“There are few biographies and I do not know the reason why,” says Bill Andrew, chairman of the Badminton Museum committee in Milton Keynes, near London. The museum is one of its kind, housing badminton memorabilia, artefacts and published writings on the game. “There are numerous books written by old players but these are mainly concerned with coaching. We have accounts of players’ careers, especially in the old gazettes, but these are usually only one or two pages long.”
Until the 1980s, administrators were obsessed with maintaining “amateur” status for players, which meant that all those involved with the game did not look at it as anything more than a glorified pastime, and writers did not look at a badminton match with the same wonderment with which they treated boxing, for instance. The game began to turn professional in the early 1980s, with prize money and sponsorships, and this is when England’s fortunes on the court too slid. Apart from one mixed doubles pair, England hasn’t had a winner at the All England, in any of the other four events since 1981. In singles, the record is even worse—the last English men’s singles winner was in 1938, and in women’s singles, 1978. The dominance of notoriously uncommunicative Asian players has not helped the sport build personalities—to this day, the press finds it hard to convince top players to speak a few words after winning major events.
The first biography of a badminton player was on English player Gillian Gilks by David Hunn (Gillian Gilks: A Life of Badminton) in 1981 (one could mention the biography of Kitty Godfree—Kitty Godfree: Lady of a Golden Age by Geoffrey Green, 1987—an All England and Wimbledon champion, but the book focuses on her tennis career). It took over 30 years for the next badminton book to be written—Touch Play, a biography of former All England champion Prakash Padukone by this writer in 2006. This year two more badminton books were released, both by Indian authors. Courting Success: Icons of Indian Badminton by Shirish Nadkarni is a collection of biographical essays on the legends of Indian badminton; Pullela Gopi Chand: The World Beneath His Feat is by Sanjay Sharma and Shachi S. Sharma.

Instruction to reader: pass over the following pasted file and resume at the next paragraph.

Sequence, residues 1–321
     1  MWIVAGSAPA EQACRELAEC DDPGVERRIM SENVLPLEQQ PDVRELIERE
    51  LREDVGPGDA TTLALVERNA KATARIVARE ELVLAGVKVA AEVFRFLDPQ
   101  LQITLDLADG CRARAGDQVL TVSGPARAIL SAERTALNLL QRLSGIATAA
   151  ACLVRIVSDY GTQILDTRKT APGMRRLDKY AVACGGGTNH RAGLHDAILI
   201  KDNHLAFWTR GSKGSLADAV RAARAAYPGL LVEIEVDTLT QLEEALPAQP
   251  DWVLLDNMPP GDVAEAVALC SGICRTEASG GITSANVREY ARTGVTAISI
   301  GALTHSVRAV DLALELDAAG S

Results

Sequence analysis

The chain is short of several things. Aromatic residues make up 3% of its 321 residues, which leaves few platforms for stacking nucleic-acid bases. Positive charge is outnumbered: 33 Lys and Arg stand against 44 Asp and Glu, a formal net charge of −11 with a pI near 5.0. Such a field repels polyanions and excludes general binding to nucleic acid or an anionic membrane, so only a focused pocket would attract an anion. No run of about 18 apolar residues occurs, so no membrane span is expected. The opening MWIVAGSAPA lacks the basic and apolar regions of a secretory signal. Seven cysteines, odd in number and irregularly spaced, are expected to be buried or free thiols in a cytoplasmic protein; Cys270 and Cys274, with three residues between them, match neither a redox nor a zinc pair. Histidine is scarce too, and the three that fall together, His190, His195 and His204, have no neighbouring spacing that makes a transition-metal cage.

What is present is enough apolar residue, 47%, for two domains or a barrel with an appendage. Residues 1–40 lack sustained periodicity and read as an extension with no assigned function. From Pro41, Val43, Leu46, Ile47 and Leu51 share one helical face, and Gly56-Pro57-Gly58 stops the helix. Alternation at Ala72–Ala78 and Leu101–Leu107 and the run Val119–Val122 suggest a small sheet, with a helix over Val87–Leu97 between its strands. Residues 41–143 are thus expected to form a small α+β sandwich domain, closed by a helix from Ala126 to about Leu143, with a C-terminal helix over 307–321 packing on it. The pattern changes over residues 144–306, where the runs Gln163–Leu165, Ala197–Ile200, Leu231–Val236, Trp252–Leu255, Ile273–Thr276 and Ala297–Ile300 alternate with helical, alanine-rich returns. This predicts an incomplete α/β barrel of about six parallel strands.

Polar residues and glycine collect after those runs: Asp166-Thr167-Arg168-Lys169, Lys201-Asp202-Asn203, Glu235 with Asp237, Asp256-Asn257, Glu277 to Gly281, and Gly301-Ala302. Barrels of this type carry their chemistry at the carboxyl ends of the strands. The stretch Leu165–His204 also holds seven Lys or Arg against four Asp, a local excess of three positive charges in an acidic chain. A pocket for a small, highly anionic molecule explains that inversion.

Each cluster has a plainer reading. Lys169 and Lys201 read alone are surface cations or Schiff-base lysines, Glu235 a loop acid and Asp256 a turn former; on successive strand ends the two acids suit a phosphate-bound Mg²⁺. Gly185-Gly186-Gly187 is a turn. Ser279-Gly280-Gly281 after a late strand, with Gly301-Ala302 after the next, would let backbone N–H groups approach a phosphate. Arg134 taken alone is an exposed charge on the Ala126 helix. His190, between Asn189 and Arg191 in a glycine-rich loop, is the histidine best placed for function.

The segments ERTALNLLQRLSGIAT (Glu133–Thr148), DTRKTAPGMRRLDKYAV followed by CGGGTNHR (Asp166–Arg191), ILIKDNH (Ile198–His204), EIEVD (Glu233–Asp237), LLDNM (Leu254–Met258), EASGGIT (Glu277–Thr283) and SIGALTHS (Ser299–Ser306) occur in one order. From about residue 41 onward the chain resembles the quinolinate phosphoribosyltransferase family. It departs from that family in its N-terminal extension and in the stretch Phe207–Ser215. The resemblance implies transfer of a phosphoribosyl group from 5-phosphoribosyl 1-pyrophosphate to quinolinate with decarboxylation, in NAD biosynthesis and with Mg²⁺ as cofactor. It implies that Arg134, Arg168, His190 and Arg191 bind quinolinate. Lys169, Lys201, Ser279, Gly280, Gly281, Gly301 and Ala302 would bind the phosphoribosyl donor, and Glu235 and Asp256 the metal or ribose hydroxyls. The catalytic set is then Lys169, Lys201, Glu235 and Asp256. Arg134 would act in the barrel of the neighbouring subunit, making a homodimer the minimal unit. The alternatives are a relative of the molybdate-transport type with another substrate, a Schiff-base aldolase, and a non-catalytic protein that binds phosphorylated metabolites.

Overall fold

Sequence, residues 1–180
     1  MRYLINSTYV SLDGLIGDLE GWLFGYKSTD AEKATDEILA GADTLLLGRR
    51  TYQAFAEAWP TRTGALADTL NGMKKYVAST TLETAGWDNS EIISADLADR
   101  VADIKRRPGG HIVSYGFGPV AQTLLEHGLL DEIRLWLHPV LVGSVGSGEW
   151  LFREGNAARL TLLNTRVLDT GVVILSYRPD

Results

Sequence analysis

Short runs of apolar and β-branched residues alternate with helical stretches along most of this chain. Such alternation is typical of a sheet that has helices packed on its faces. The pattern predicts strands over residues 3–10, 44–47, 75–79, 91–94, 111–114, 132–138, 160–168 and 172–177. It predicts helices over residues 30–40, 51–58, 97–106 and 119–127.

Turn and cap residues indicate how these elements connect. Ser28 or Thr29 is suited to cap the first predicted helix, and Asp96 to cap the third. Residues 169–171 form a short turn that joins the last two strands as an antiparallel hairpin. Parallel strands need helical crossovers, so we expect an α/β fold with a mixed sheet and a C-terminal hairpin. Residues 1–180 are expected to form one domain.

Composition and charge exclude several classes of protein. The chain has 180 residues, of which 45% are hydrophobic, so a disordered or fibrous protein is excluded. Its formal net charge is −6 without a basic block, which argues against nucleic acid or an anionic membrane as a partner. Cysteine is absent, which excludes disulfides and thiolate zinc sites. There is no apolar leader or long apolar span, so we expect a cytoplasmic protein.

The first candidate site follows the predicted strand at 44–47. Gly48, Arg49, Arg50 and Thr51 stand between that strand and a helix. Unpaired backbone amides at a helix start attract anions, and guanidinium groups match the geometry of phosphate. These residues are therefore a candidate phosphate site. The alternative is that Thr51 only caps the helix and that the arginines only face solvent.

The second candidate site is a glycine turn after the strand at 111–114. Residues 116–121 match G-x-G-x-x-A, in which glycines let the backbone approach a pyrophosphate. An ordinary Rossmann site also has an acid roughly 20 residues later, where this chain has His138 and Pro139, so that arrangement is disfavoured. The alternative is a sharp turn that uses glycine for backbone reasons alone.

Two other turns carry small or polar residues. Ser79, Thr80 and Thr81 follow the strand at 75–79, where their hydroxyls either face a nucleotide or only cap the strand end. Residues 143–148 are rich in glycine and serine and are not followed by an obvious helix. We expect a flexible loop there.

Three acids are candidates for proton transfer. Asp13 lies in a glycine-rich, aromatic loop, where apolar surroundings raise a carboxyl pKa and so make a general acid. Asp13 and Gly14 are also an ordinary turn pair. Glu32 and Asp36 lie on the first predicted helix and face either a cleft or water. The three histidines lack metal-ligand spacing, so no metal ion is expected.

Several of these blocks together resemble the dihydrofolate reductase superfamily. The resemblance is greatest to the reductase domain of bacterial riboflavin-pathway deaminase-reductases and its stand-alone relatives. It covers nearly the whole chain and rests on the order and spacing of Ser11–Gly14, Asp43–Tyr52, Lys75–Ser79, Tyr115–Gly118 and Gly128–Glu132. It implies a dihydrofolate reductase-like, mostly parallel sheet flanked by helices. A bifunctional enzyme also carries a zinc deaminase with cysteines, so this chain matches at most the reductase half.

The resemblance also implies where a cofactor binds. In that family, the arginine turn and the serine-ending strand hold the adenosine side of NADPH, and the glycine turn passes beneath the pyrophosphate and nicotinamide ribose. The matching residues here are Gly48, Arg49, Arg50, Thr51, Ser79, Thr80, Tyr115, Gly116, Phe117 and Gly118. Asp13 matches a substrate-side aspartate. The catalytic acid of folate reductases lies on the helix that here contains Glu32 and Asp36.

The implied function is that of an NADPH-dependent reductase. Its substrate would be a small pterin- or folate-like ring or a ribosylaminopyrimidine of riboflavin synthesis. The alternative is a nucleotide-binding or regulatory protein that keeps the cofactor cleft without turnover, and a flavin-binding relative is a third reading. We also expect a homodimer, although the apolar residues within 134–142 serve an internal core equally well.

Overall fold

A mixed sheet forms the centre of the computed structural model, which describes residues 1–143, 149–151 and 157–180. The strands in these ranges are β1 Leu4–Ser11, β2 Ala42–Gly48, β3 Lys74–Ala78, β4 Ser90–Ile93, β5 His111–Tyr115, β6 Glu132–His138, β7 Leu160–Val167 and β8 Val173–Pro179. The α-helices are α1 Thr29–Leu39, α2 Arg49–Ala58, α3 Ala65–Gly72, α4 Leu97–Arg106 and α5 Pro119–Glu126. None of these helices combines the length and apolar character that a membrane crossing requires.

The only autobiography in English that we know of is Badminton: A Champion’s Way (1969) by Judy Hashman, the American-British winner of 10 singles titles at the All England. The number of biographical accounts isn’t that great in non-English languages either. We do not know if the Chinese have written on their accomplished players, but the scene is bleak in Malaysia, Indonesia and the rest of the badminton-playing world. Denmark has two biographies: on seven-time All England winner Erland Kops and 1999 world champion Camilla Martin (Camilla Martin: Frankly by Lars Werge, 2003). Indonesia has always been a badminton power but has only three biographies: on Rudy Hartono, Liem Swie King and Taufik Hidayat. Indian great Nandu Natekar wrote a memoir in Marathi (Kreedagatha) a few years ago. The one English book that is due to hit the market soon is World No. 1 Lee Chong Wei’s autobiography Dare to Be a Champion.
Badminton has a treasure trove of stories waiting to be written, on its past and its present. The sport has its icons—whether or not they are recognized as such by television, they are stories worth recounting.